In a new paper, Krueger argues that opioids pose more than just a health threat: They’re benching workers across the country.
“The problem of the depressed labor force has run into the problem of the opioid crisis,” he said. “Now they’re connected.”
The rise in painkiller prescriptions between 1999 and 2015 drove about 20 percent of the drop in men’s workforce participation and 25 percent of women’s, Krueger estimated in the study, out Thursday.
To reach this conclusion, the economist looked at county-level opioid prescription rates and labor force data from the periods of 1999 to 2001 and 2014 to 2016.
Areas with the highest rates of opioid prescriptions, Krueger noticed, also experienced a shrinking workforce. The dark green splotches in this Brookings Institution map show that swaths of Nevada, Michigan, Maine, the southeast and the southwest appear to have suffered the hardest hits.
He also found that unemployed men and women both reported higher use of painkillers than their counterparts with jobs.
In surveys, Krueger saw that 44 percent of out-of-work men said they’d taken pain medication within the last 24 hours, though that could include something as innocuous as ibuprofen. Still, their rate was more than double that of the working men.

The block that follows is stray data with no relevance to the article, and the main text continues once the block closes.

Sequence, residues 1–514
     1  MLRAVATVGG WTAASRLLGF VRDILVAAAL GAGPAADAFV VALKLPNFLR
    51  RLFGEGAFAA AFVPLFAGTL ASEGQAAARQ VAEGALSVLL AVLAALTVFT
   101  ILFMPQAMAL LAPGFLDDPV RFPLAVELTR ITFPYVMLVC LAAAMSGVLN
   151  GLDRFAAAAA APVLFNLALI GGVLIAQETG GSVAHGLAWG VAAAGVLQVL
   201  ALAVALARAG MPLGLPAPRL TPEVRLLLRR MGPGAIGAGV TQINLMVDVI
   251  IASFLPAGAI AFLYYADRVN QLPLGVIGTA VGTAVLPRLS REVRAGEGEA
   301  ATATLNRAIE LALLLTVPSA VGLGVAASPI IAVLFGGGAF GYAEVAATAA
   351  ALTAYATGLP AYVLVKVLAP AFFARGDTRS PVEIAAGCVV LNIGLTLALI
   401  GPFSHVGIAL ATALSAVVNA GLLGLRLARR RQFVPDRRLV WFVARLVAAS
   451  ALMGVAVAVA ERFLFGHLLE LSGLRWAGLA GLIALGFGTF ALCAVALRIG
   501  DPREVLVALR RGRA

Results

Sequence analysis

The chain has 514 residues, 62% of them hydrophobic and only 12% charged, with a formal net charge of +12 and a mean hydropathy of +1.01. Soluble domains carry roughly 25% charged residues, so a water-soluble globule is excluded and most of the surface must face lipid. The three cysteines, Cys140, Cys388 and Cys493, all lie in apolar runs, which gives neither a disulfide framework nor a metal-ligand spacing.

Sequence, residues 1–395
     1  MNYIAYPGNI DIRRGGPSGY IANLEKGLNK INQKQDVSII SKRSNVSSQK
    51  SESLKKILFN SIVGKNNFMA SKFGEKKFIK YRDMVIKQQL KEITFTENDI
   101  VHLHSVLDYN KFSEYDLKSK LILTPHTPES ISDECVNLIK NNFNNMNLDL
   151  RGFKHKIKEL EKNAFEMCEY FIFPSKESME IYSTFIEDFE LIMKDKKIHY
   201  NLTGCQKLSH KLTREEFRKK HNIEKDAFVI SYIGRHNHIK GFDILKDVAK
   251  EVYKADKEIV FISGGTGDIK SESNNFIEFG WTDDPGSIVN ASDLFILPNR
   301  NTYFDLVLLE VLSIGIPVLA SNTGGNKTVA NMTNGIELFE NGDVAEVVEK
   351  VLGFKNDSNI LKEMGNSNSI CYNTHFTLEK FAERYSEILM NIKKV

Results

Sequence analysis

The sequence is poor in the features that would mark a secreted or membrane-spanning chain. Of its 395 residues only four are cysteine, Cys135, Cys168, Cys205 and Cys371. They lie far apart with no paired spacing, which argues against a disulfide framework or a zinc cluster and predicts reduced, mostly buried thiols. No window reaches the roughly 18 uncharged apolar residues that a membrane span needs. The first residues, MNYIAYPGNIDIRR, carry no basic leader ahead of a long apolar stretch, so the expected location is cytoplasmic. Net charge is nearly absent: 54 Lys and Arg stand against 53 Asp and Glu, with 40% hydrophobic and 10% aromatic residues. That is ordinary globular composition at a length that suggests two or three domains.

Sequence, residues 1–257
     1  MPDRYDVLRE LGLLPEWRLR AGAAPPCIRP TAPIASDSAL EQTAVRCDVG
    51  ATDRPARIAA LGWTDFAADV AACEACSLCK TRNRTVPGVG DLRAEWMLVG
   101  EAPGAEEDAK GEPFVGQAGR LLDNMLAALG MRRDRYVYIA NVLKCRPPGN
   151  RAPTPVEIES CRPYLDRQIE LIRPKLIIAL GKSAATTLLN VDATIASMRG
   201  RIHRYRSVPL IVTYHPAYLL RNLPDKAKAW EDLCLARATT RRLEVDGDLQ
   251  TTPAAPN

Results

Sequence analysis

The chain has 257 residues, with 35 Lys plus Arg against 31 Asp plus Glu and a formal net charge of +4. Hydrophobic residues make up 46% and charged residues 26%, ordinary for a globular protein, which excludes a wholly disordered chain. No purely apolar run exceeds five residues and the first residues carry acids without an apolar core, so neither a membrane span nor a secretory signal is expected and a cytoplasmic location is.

Among prime age women, though, the gap was less dramatic. Some 34.7 percent of women who’d dropped out of the labor force said they were taking painkillers, compared to 25.7 percent for those with jobs.
“Women take opioids, just like men,” Krueger said. “The magnitudes are pretty similar.”
Reliance on the addictive medication could have rendered more adults unable to work, Krueger said. A national survey of employers this year revealed that failed drug tests just soared to a 12-year high.
Krueger added that he wants lawmakers to do more than declare the opioid crisis a “national emergency,” as President Trump has done. Policymakers, he said, should focus on guiding people toward work and away from developing a drug habit.
“At a personal level, I think people are not very satisfied with their lives when they’re out of the labor force,” he said, “and from an economic standpoint, they’re on the sidelines. They’re not even on the team.”
Today, 12 percent of “prime age” men, or those between ages 25 and 54, don’t have jobs and aren’t looking for one. That’s up from 8 percent in the late '90s, according to the Bureau of Labor Statistics. (The women’s rate, meanwhile, is up slightly less but since 2007 has crept up in parallel with the men’s.)
Over the same period, more people started taking painkillers in the United States. Sales of prescription opioids quadrupled. Overdoses have spiked. Some employers, desperate for workers, have even done away with drug screens.
Nationwide, the slow decline in employment also comes from retiring workers and more young ones heading into college, rather than directly into jobs. Automation, too, is reducing the demand for lower skilled workers, which could further exacerbate the downswing.
Employment trends among prime age men are particularly troubling: 69 percent are employed today, a sharp descent from 75 percent in 2000. Women have less dramatically spiraled downward, with 57.2 percent working now, a drop from the early aughts’ 60 percent.